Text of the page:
CHAMPAIGN — In seventh grade, Isaiah Williams grabbed the wheel of his JFL team, moved to quarterback and lead the team to the league Super Bowl.
It was fun, and he was electric. He also thought his time as a quarterback would end right there. He wanted to move back to being either a wide receiver or running back — the positions he's played his entire life. But his coach at the time — now-Illinois tight end coach Cory Patterson — urged him to play quarterback as an eighth grade.
Williams obliged, put up big numbers and had more success. He was a receiver in his own mind, but the production was screaming that he was a quarterback.
“It happened again," Williams said. "I wanted to move back to receiver when I got to high school because everybody was telling me, ‘They’re bigger, they’re faster, you’re not going to be able to play quarterback in high school.’"
That narrative of impending failure has followed Williams. Each time he hears it, he finds a way to flip the script and prove naysayers wrong. He starred as a freshman at Trinity Catholic in St. Louis, but never trained to be a quarterback, always figuring the return to receiver would be around the corner.
Then he got an offer to play quarterback in college while he was a sophomore in high school, and that was enough to sell Williams on the position. Now as a true freshman at the University of Illinois, he's in a battle to be the team's starter on Aug. 31 when the season opens at home against Akron.
“It was really other people telling me, ‘You can’t do this,'" Williams said. "That’s the reason it ran me away from it. When I play quarterback, it gives me a different feeling. I love the position. I love learning the position and I love everything about quarterback."
He's not running away from it now. It's his passion, and that passion has led to more than enough hype surrounding his arrival in Champaign-Urbana, especially as a major cog in the pipeline that's been built from his high school up Interstate 55 and into Champaign. Williams was a four-star recruit and was courted by the blue bloods of college football. Not all, though, saw him as a quarterback, and some weren't shy about telling him.
"There were people who told me I would never play quarterback in high school," Williams said. "There were people who told me I would never play a down in college. College coaches told me that."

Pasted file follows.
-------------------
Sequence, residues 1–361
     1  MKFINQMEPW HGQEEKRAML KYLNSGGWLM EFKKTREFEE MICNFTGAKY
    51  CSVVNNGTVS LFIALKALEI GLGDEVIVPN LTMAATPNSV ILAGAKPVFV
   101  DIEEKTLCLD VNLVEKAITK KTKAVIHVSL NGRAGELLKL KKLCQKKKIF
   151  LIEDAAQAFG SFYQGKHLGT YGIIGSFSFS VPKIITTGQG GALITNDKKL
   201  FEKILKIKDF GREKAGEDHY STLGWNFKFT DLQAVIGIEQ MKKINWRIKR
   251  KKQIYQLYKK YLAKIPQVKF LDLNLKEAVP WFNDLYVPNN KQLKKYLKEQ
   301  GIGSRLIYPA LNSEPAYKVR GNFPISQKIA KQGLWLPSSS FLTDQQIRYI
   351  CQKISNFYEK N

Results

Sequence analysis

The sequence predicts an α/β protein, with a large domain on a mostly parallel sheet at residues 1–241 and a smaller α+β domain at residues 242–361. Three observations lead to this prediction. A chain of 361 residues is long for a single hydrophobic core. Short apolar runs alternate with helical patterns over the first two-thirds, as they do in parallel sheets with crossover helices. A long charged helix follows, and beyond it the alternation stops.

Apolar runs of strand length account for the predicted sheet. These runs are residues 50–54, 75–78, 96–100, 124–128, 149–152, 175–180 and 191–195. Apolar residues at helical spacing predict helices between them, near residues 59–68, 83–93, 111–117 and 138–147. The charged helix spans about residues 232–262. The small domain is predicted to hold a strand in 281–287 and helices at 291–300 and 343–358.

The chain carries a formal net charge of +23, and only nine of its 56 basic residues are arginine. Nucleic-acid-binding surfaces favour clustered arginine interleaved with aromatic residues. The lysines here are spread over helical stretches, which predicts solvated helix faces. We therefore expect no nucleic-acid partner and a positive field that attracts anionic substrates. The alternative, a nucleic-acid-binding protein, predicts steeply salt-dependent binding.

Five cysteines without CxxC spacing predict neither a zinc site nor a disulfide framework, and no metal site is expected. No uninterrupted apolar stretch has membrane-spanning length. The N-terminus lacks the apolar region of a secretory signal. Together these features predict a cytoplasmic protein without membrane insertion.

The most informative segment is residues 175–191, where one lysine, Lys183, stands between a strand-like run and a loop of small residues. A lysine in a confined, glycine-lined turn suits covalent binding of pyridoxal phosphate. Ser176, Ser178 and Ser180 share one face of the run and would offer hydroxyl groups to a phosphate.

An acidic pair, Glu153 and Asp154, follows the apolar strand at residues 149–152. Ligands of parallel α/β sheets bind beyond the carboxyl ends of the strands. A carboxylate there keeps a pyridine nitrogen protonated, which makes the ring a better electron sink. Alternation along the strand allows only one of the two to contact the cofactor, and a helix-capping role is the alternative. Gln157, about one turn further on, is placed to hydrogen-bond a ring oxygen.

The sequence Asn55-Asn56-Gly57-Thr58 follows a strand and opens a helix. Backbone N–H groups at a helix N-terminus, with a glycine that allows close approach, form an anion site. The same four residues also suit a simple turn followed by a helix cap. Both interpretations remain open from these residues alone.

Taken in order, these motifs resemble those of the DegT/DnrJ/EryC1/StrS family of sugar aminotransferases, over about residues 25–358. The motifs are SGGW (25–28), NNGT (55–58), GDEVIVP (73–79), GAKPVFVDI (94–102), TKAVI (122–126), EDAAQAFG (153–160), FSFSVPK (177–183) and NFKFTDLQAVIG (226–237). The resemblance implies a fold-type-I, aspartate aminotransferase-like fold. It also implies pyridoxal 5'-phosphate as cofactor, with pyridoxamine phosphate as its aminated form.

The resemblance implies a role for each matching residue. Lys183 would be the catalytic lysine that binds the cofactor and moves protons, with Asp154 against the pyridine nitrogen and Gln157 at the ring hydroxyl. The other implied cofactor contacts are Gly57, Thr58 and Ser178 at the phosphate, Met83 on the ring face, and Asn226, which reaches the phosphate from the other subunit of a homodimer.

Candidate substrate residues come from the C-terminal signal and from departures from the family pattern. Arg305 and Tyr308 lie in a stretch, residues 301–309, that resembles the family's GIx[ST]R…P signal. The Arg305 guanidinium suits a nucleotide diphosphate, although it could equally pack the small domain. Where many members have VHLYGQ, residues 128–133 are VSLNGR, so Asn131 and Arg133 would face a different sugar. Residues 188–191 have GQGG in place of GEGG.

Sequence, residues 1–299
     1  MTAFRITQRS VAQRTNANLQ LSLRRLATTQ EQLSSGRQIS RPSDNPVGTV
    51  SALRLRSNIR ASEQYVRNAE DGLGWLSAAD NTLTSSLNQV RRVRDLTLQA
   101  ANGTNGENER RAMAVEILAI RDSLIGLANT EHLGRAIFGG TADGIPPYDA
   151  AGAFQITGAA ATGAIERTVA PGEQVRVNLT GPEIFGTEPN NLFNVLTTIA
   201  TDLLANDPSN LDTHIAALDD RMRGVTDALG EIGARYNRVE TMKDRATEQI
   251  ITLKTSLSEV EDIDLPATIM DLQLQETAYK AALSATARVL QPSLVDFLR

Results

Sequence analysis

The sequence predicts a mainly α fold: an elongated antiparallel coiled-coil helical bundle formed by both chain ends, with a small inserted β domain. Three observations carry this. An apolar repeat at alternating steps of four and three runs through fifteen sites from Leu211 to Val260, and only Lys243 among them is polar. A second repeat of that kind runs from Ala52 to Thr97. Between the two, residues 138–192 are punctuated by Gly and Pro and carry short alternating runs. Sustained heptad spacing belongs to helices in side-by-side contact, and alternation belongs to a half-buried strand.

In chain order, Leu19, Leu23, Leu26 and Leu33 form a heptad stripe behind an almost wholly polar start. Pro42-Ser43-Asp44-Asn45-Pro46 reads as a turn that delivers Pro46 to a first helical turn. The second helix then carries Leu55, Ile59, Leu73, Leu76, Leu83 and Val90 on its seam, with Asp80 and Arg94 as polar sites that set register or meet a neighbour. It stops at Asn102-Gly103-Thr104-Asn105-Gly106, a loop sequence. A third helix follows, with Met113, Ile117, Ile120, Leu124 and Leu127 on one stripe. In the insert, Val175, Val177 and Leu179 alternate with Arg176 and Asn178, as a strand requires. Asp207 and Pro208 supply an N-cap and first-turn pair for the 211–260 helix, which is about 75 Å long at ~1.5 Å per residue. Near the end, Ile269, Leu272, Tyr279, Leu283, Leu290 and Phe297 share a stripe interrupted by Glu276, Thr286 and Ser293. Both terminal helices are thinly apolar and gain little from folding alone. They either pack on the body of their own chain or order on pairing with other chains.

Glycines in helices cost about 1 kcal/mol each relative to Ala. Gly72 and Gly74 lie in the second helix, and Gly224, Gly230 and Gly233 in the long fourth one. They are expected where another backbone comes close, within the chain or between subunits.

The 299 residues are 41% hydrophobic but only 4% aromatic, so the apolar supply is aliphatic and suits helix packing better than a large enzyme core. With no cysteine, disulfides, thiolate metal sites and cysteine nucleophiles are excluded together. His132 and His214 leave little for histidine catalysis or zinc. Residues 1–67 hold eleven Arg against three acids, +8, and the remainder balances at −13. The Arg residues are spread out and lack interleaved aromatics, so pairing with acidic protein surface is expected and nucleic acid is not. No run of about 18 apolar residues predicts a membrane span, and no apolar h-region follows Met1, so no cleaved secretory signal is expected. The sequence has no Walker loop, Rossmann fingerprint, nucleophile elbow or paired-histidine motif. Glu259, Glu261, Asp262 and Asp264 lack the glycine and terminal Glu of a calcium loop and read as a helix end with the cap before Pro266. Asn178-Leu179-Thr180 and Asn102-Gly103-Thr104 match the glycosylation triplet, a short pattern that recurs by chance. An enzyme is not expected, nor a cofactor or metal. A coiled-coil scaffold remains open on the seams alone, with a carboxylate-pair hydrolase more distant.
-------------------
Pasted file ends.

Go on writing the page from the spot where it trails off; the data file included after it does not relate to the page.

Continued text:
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Here he is.
Every time Williams found the end zone, juked a defender or laced a pass in high school, the hype grew louder. For the most part, he's been able to ignore it. He hasn't been perfect in each of the four practices that Illinois has had to open fall camp. He knew that was part of the process. It's a different game, a different playbook, a different speed. Perfection wasn't expected this early, and neither was a starting job.
“I don’t want nothing guaranteed," Williams said. "I don’t want nothing given to me. I knew coming in, the one thing I had to focus on was me working hard and learning everything. I know my time is going to come, it’s just God’s plan. Right now I just wanted to come in and learn everything, that’s the biggest thing. It’s not about starting or anything like that, just learning and being the best me."
For Williams, being himself means rising to the occasion, especially early in camp when the team moves from individual drills to the 11-on-11 portion of practices. That's where the real Isaiah Williams is able to blossom. He threads passes, jukes and spins from one side of the backfield to the other.
He's able to show his quickness, which Illinois head coach Lovie Smith points out isn't part of everyone's DNA. There's more to Williams than that, however.
"His reputation is he’s a running quarterback, but it’s the things you don’t know about him: He can pass the football and how bright and smart he is, the football intellect of knowing how to navigate when you’re a hotshot recruit coming in into an upperclassmen room," Smith said. “Every time I talk with Isaiah, it seems like he impresses you some kind of way. It’s going to be fun to watch him grow."
Now here's Williams, wearing his orange and blue No. 1 jersey in Champaign and figuring out how to be a Big Ten quarterback with a lot of eye on him. It's a long way from yearning to line back up at receiver, but there's some beauty in the process. He never had a doubt about joining Illinois. He was ready to commit when he was a freshman and had an unofficial visit and met with Lovie Smith for the first time.
And Illinois has never had a doubt about Williams, the kid who backed into being a quarterback and is figuring out how to adjust to the college level.
“We all know what Isaiah Williams can do," offensive coordinator Rod Smith said. "It’s just a matter of him getting comfortable and he’s got time on his side."